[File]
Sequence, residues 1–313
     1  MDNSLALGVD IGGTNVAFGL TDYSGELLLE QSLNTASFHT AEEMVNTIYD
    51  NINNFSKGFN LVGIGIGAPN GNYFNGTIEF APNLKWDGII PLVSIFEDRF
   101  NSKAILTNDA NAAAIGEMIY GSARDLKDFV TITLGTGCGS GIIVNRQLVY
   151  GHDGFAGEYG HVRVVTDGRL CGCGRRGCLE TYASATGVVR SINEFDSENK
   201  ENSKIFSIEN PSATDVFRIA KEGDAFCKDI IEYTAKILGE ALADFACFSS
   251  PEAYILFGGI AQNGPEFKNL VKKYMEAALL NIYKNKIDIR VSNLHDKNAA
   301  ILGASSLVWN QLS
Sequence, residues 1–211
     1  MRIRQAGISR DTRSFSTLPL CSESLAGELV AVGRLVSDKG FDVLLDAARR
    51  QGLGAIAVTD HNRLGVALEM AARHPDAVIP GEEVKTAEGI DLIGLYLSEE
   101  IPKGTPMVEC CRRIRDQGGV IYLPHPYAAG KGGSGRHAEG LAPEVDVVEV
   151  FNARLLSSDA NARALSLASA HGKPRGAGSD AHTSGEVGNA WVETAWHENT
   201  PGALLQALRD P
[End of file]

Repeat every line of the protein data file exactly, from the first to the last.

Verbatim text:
Sequence, residues 1–313
     1  MDNSLALGVD IGGTNVAFGL TDYSGELLLE QSLNTASFHT AEEMVNTIYD
    51  NINNFSKGFN LVGIGIGAPN GNYFNGTIEF APNLKWDGII PLVSIFEDRF
   101  NSKAILTNDA NAAAIGEMIY GSARDLKDFV TITLGTGCGS GIIVNRQLVY
   151  GHDGFAGEYG HVRVVTDGRL CGCGRRGCLE TYASATGVVR SINEFDSENK
   201  ENSKIFSIEN PSATDVFRIA KEGDAFCKDI IEYTAKILGE ALADFACFSS
   251  PEAYILFGGI AQNGPEFKNL VKKYMEAALL NIYKNKIDIR VSNLHDKNAA
   301  ILGASSLVWN QLS
Sequence, residues 1–211
     1  MRIRQAGISR DTRSFSTLPL CSESLAGELV AVGRLVSDKG FDVLLDAARR
    51  QGLGAIAVTD HNRLGVALEM AARHPDAVIP GEEVKTAEGI DLIGLYLSEE
   101  IPKGTPMVEC CRRIRDQGGV IYLPHPYAAG KGGSGRHAEG LAPEVDVVEV
   151  FNARLLSSDA NARALSLASA HGKPRGAGSD AHTSGEVGNA WVETAWHENT
   201  PGALLQALRD P